How to Nurture Emotional and Sexual Intimacy and Fall in Love Again

How to Nurture Emotional and Sexual Intimacy and Fall in Love Again December 18, 2019

Many couples like Marcia, 42, and Joshua, 43, are feeling stuck in a loveless marriage with few expressions of affection and love. When we met for couples counseling, Marcia put it like this:

“We rarely spent time together and when we do, we argue and it feels like I’m always trying to get Josh to open up. When he shuts down and that causes me to go into overdrive and try hard to seek him out. Then he retreats and I feel discouraged and unloved. We haven’t had sex in a six months and it’s hard to feel close to him when we are so distant.

If Marcia and Joshua want to fall back in love again, they need to stop focusing on each other’s flaws and spend their energy fostering a deeper connection. In other words, stop assuming the worst of each other and put an end to demanding their partner change. For example, Marcia could learn to give Josh more space and he could try giving her more affirmations of his love for her and spending more quality time with her, so she feels appreciated and loved.

According to experts, the most common reason couples fall out of love and divorce is because of a pursuer-distancer pattern that develops over time. Dr. Sue Johnson identifies the pattern of demand-withdraw as the “Protest Polka” and says it’s one of three “Demon Dialogues.” She explains that when one partner becomes critical and aggressive the other often becomes defensive and distant.

The Science of Trust, Dr. Gottman explains that practicing emotional attunement can help you stay connected in spite of your differences. This means “turning toward” one another by showing empathy, and not being defensive.  In other words, both partners need to talk about their feelings in terms of positive need, instead of what they do not need. The speaker is really saying. “Here’s what I feel, and what I need from you.”

Ignite Sexual Passion

During the early phase of a relationship, many couples barely come up for air due to the excitement of falling in love. Unfortunately, this blissful state does not last forever.  Scientists have found that oxytocin (a bonding hormone) is released during the initial stage of infatuation – which causes couples to feel euphoric and turned on by physical affection – such as touching and holding hands. Oxytocin works like a drug, giving us immediate rewards and binding us to our lover.

Author Teresa Atkin advises couples to rewire their brains to experience feelings of pleasure so they can experience emotional and sexual closeness.  She reminds us that the human brain, while wonderfully complex, does not always work in our best interest and we need to rewire it in order to experience pleasurable feelings. She writes, “Research shows that we get a healthy shot of dopamine (the feel good hormone) when we are seeking reward, and when there is something new to experience. Also excitement is transferable, so the heightened arousal that follows say, a roller coaster ride, can be used to rev up your sex life.”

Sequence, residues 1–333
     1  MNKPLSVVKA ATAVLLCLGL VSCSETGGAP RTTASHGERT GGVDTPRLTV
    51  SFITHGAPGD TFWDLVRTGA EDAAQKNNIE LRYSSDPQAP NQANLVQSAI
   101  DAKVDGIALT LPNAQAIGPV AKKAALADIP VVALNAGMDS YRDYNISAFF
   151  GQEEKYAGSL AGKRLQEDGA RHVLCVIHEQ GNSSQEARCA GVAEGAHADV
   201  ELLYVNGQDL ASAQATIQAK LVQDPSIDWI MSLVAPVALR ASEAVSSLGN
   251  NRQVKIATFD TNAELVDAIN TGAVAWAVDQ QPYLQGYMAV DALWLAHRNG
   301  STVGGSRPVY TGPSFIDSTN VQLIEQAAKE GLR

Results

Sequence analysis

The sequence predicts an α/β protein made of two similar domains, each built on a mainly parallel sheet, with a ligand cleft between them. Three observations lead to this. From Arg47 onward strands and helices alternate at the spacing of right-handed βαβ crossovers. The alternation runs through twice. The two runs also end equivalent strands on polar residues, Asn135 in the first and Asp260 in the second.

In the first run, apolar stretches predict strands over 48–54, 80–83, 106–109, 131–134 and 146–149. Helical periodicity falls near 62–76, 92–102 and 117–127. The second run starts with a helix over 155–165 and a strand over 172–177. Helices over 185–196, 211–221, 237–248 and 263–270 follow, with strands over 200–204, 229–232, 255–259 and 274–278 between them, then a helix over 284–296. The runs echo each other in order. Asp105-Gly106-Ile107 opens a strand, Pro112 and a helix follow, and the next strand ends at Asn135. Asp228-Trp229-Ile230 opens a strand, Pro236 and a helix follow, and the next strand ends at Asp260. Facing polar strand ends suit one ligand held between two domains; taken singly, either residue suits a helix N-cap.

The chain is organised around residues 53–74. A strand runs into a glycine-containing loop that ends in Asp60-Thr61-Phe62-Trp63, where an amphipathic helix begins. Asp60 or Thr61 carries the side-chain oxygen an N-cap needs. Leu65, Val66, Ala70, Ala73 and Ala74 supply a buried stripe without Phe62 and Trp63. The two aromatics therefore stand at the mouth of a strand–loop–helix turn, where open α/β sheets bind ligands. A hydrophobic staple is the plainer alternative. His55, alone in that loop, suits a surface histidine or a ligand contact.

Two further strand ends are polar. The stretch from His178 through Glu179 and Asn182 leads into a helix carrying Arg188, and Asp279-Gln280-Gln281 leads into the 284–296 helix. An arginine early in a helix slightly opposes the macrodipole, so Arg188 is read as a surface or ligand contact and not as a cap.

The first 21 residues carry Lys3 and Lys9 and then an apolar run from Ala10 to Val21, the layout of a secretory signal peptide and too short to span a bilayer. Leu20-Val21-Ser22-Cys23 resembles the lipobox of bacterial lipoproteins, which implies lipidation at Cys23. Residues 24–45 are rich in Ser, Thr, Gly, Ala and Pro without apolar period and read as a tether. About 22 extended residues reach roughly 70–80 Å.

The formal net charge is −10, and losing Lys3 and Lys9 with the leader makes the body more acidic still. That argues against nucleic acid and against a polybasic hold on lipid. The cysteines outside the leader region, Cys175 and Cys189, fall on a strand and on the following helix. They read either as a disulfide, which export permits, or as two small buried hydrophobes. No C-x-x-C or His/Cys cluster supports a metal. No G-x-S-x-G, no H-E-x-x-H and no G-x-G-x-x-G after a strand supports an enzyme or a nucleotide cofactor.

6 tips to fall back in love and restore emotional and sexual intimacy:

  • Get in touch with your pattern of relating. This includes ways you might be denying your partner or coming on too strong sexually. Avoid criticizing each other and stop the “blame game.” Mix things up to end the power struggle. For example, the pursuer can try being shy and quietly seductive – perhaps encouraging the distancer to move toward him/her.
  • Break the pursuer-distancer pattern. Distancers need to practice initiating sex more often and pursuers need to find ways to tell their partner “you’re sexy,” while avoiding critique after sex.
  • Increase physical affection. According to Kory Floyd, physical contact releases feel good hormones. Holding hands, hugging, and touching releases oxytocin (the bonding hormone) causing a calming sensation. Studies show  it’s released during sexual orgasm and affectionate touch as well. Physical affection also reduces stress hormones – lowering daily levels of the stress hormone cortisol. Dr. Michael Stysma recommends couples double the length of time they spend kissing, hugging, and touching each other if they want to improve their marriage.
  • Vary the kind of sex you have: (gentle, loving-tender sex; intimate sex; highly erotic sex, etc.). Break up the routine and try new things as your sexual needs change.
  • Make sex a priority and set the mood for intimacy before TV or work dulls your passion. A light meal and your favorite music and wine can set the stage for great sex.
  • Separate sex from routine. Try a variety of activities that bring you both pleasure. Avoid discussing problems, household tasks, and your children if you want to bring back the sexual chemistry with your partner. Have fun courting and practice flirting with him or her. Don’t forget to cuddle on the couch and surprise your partner with a kiss.

It’s a good idea to make time for physical affection if you want to enhance the quality of your marriage, according to experts.  It can also reduce your stress level so you feel happier, more loving, and satisfied with your partner. Even if you’re not a touchy-feely person, increasing affectionate touch can help you to sustain a deep, meaningful bond.

Follow Terry Gaspard on Twitter, Facebook, and movingpastdivorce.com. Her book Daughters of Divorce: Overcome the Legacy of Your Parents’ Breakup and Enjoy a Happy, Long-Lasting Relationship is available on her website. Feel free to ask a question here.

Terry’s forthcoming book, The Remarriage Manual: How to Make Everything Work Better the Second Time Around, was published by Sounds True in February of 2020.

 

 

 


Browse Our Archives



error: Content is protected !!